Is it possible to decolonise the business curriculum?

Untangling business studies from the discipline’s imperial origins might seem an insurmountable task, but it’s up to university leaders to take the lead on this complex challenge, reflects Bobby Banerjee

Bobby Banerjee's avatar
City, University of London
10 Aug 2022
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Decolonising the curriculum – how do I get started?

Advice on where to start in decolonising your curriculum

Decolonising the business school is a complex, difficult and perhaps impossible task, particularly if it is muddied by discussions around diversity and inclusion, which seems almost inevitable. This has become apparent from our ETHOS workshops, which are run by City’s Bayes Business School.

The decolonising task would begin with a critique of the political economy of capitalism because colonialism was and is integral to capitalism. A first step would be to identify colonial histories that inform our curriculum and our pedagogical practices.

The University College London ChangeMakers project has described a colonial curriculum as “characterised by its unrepresentative, inaccessible and privileged nature”. It constructs teachings that exclude crucial narratives and so prevents many of its recipients identifying with these narratives. At the same time, it perpetuates the participation, comfort and flourish of historically favoured demographics, in both an academic and a wider societal context. “Sadly, and unacceptably, this all occurs at the detriment of a diverse range of marginalised voices,” UCL historian Anne Kimunguyi told a 2020 “tweetchat” with Advance HE.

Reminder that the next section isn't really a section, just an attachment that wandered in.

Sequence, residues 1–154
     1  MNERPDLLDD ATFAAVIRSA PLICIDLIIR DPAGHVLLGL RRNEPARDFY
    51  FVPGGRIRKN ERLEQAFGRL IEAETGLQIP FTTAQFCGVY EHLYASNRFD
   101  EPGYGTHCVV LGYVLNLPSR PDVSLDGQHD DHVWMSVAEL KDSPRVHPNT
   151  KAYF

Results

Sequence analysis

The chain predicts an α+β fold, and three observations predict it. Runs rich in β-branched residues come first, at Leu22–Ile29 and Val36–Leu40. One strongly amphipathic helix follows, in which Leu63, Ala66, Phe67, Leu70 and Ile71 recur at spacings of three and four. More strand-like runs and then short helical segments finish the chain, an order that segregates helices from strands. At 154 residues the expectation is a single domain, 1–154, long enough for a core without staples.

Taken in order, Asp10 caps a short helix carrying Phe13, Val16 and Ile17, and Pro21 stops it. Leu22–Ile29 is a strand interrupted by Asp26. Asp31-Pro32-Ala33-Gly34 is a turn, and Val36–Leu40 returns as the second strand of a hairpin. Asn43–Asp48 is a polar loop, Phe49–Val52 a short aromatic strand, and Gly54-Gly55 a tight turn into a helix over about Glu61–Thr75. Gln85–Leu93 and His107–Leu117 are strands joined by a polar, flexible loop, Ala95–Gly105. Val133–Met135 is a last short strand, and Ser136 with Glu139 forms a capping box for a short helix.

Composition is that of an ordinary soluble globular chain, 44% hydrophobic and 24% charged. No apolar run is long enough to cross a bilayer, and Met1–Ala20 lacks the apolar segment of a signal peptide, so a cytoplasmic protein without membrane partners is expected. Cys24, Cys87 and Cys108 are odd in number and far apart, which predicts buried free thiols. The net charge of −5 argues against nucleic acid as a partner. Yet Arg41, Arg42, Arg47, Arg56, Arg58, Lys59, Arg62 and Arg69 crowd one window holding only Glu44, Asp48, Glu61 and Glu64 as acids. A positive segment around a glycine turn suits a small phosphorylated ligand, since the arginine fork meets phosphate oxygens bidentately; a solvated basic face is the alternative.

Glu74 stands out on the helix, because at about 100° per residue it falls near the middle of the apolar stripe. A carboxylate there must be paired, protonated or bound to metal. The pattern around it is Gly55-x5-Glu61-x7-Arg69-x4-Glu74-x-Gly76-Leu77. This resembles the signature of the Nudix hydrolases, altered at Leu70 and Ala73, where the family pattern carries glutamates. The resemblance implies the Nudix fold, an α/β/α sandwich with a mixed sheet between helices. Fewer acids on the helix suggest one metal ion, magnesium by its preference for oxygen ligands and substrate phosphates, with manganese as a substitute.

Decolonisation is not integration

According to the Keele Manifesto for Decolonizing the Curriculum, “decolonization involves identifying colonial systems, structures and relationships, and working to challenge those systems” rather than simply token inclusion of the intellectual achievements of non-white cultures. It is not integration; it seeks space for other political philosophies and knowledge systems and to change cultural perceptions and power relations. “It’s a culture shift to think more widely about why common knowledge is what it is.”

A decolonised curriculum goes beyond being “inclusive” or “diverse” and calls for a more radical questioning of the canon itself and the cultural authority that it is imbued with. The questioning of the moral authority of the canon itself is at the heart of the difference.